Intel’s Tower deal crumbles due to lack of Chinese approval

16 Aug 2023

Image: © Tupungato/

The termination of the $5.4bn deal is thought to be a result of ongoing trade disputes between China and the US.

US tech giant Intel has announced today (16 August) that its planned acquisition of Israeli chipmaker Tower Semiconductor has been terminated in a mutual agreement between both parties.

While Intel has attributed the termination to “the inability to obtain in a timely manner the regulatory approvals required under the merger agreement”, reports have indicated that the lack of approval from China is the primary catalyst.

According to Bloomberg, the $5.4bn acquisition was cancelled due to a lack of approval from Chinese antitrust regulators by the deal’s deadline of midnight, 15 August.

It is believed that the outcome of this deal is a result of recent tension between the US and China, as a trade war between the two countries has been steadily escalating with the former imposing a chip ban on the latter.

The now scuppered acquisition was originally announced in February of last year, with Intel stating that the deal would “significantly” advance its strategy for integrated device manufacturing, dubbed ‘IDM 2.0’, which involves the combination of its existing internal factory network with third-party capacity and new Intel foundry services.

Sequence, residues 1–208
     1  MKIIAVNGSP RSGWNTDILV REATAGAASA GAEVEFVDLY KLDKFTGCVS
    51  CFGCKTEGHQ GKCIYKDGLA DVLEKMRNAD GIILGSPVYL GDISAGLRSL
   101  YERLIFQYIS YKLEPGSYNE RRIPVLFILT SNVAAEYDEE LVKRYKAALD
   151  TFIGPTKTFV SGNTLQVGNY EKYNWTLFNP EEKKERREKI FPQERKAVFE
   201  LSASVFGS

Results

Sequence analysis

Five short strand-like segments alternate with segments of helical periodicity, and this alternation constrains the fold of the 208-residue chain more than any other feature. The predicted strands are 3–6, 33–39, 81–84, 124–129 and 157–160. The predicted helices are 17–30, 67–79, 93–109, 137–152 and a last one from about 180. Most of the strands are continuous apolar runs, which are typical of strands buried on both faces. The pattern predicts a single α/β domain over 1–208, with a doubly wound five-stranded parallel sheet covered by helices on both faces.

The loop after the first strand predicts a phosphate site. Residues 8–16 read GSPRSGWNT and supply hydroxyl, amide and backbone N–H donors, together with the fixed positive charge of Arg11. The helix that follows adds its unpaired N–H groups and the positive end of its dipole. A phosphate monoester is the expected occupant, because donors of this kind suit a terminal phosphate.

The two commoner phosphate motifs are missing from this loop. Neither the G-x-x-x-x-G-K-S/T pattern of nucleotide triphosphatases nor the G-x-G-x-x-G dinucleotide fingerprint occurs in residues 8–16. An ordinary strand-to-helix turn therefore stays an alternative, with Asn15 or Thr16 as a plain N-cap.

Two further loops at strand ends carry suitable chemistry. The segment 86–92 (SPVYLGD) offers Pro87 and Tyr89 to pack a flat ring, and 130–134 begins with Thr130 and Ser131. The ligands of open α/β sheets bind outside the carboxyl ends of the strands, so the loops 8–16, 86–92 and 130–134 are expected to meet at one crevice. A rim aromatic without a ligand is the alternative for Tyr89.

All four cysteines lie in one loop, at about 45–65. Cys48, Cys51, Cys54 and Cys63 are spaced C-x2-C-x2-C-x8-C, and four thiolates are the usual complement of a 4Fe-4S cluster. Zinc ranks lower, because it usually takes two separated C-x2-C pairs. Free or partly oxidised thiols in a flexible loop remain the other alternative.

Intel CEO Pat Gelsinger said at the time that Tower’s portfolio and reach would “help scale Intel’s foundry services and advance our goal of becoming a major provider of foundry capacity globally”.

It was also thought at the time that the deal would give the tech giant an advantage in high-growth markets such as mobile, automotive and power – three areas Tower specialises and serves in – as well as expanding Intel’s reach in the US and Asia.

In a press release today, Gelsinger stated that the company will “continue to drive forward on all facets” of its IDM 2.0 strategy.

“Our respect for Tower has only grown through this process, and we will continue to look for opportunities to work together in the future.”

In accordance with the terms of the merger agreement, Intel will now have to pay a fee of $353m to Tower.

This announcement comes just a day after Intel announced an extension of its partnership with chip designer Synopsys to bring new intellectual property and automation services to Intel’s Foundry Services.

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Colin Ryan is a copywriter/copyeditor at Silicon Republic